Eastern style forest & steep ridges

Discussion in 'The Academy' started by Tyson Rayles, Jun 23, 2002.

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  1. Tyson Rayles

    Tyson Rayles Active Member

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    Several members have inquired about my trees and panels they saw leaning up against the backdrop. In the following posts I will try to explain. These trees ARE NOT fine scale modeling (for that I will gladly defer to Pete and Shamus), but simply my way to cover large areas in a reasonable amount of time and at a resonable cost while getting nice if not great results. Now about those panels. Underneath them are staging tracks and I have about 4" from edge of tracks to backdrop. First I cut 2 long panels and scroll cut them across the top.

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  2. Tyson Rayles

    Tyson Rayles Active Member

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    When I started to plant trees I realized a ridge that long wouldn't look right if the whole ridge stayed at the same angle. I made some V type cuts then on every other panel cut 2" off the bottom (the shorter panels would now lean in farther then the others).

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  3. Tyson Rayles

    Tyson Rayles Active Member

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    To plant the trees on the "ridges" I used toothpicks. The ridges are 1/2" thick so the toothpick is at a slight angle leaning out. To correct this I put the toothpicks into the "trees" at a slight angle from back to front so the trees wouldn't be leaning also. The picture shows how severe the angle of the "ridges" are, 4" is not a lot to work with. However you can't really see it from that angle normally, if it would be viewed from that angle regularly you can shorten' the ridges to lower the angle.
  4. Tyson Rayles

    Tyson Rayles Active Member

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    And now the pic to go with the last post. :eek:

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  5. Tyson Rayles

    Tyson Rayles Active Member

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    The trees are pretty straight forward. The still green fiber on the left is as pulled straight from the bag, in the right after gently rolling between palms of hand. The color is a little off in photo but they are black, rust (dk. reddish brn.) and dk. brown. I use whatever primer (cause it's flat and dries fast) that is on sale at the local auto parts or hardware store. I'm in n-scale so I make em' 2 1/2 to 4 1/2 inches tall (approx. 30' to 60'), in HO you would need 5" to 9" (to tall for toothpicks but you can get bamboo skewers at the grocery store). I use several shades of Woodland Scenics coarse ground foam. Burnt grass, Earth, Light Green and Dark Green (go easy on the Dk. Green as it can be overpowering). I DO NOT MEASURE, the forest is not all the same shade so I figure my minature one shouldn't be either. I just dump some of each into a bag and shake well. Then grab the end of your fiber "tree" with the tweezers, spray with paint, stick in bag and shake like crazy. Do this of course outside or in a well ventilated area. I wear those plastic disposable gloves to save clean up time so once I pull it from the bag I take it from the tweezers toss into a box and repeat the procedure untill I have had enough!! Usually about 45 min. will produce about 50 to 75 trees. Don't kill yourself worrying about the shape or bald spots. You will only be able to see the "tree" from a couple of angles once it's planted so you can usually rotate to solve the problem. If not trim with sciccors, spray bald spots with cheap hair spray and dip in foam. To make Kudzu (could also be Ivy, Honey Suckle or whatever) I stretch out the fiber in to a thin mat, then do the same thing as the tree.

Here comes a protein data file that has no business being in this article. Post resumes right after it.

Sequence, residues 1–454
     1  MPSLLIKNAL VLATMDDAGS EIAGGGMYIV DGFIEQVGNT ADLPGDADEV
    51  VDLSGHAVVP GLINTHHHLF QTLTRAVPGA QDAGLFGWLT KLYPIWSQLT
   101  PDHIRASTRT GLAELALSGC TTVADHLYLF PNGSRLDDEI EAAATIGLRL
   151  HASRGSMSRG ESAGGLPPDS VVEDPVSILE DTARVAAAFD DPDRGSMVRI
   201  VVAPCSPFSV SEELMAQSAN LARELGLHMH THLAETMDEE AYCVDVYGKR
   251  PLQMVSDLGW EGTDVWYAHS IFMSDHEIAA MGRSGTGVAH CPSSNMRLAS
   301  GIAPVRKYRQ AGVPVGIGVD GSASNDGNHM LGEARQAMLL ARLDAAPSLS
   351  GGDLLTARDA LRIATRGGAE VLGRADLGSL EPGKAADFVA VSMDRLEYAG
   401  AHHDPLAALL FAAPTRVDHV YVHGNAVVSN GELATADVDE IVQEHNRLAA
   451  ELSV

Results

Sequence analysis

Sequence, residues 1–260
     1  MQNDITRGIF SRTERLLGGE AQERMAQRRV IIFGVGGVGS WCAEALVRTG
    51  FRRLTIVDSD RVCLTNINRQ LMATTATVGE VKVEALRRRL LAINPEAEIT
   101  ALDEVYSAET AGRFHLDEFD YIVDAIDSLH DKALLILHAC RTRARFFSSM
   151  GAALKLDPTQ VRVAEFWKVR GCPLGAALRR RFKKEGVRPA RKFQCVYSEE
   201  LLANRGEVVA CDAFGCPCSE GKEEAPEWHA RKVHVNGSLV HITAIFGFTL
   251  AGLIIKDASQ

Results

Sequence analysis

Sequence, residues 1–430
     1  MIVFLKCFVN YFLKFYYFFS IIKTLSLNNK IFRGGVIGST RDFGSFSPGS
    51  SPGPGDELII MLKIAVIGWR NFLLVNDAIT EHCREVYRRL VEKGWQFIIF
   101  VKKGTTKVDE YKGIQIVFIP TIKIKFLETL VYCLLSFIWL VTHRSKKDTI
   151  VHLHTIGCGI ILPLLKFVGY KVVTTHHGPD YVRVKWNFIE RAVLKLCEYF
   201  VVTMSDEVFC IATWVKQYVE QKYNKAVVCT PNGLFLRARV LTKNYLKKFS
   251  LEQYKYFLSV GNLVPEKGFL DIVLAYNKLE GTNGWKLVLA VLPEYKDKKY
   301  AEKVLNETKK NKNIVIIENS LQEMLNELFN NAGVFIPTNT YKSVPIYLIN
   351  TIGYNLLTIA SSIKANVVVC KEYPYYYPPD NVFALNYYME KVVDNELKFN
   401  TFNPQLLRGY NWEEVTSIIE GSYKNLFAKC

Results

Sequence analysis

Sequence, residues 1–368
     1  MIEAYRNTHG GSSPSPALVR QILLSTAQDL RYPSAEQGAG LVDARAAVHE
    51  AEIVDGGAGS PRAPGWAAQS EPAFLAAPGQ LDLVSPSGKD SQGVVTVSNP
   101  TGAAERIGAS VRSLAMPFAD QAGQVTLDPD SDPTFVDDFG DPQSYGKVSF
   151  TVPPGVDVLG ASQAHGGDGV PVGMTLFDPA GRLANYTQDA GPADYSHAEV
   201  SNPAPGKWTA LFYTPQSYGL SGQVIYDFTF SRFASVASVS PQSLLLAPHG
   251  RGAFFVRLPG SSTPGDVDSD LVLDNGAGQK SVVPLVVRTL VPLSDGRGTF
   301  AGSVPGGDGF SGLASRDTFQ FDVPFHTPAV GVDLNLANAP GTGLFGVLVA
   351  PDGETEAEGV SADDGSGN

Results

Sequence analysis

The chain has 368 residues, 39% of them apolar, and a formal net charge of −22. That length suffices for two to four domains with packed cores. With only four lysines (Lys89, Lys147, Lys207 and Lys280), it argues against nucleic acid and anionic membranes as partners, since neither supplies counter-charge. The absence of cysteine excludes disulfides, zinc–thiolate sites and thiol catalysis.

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  6. Tyson Rayles

    Tyson Rayles Active Member

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    This photo shows the "finished trees". The one on the left was not painted but sprayed with hair spray then dipped. Unlike this photo on the layout they don't have the same shadowy effect but are O.K. to use if you widely scatter em'. You say you don't see a big color difference from one to the other? Great that's the idea, I believe the difference should be noticable but very subtle for the most part. This of course is not the only way to do things, just the way that works for me. Hopefully somebody, somewhere will find something of use in all this. :D :D :D
    P.S. Don't try to save money by stretching the fiber out too thin as it will sag or even collapse down on itself over time. Doing it this way a bag of fiber is good for about 100 trees so it's pretty cost effective as it is.

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  7. Tyson Rayles

    Tyson Rayles Active Member

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    This last (yea!!!) shot is panned back so for better or worse you can see what the overall effect is when you use em' not only along the backdrop, but also in the middle and foreground of the layout.

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  8. Tyson Rayles

    Tyson Rayles Active Member

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    One thing I didn't mention. When inserting the toothpicks if you cup the tree gently in one hand and "twirl" the toothpick back and forth as you insert it, it will do wonders for not crushing the tree. Also the only thing that holds the tree on the toothpick is gravity. :)
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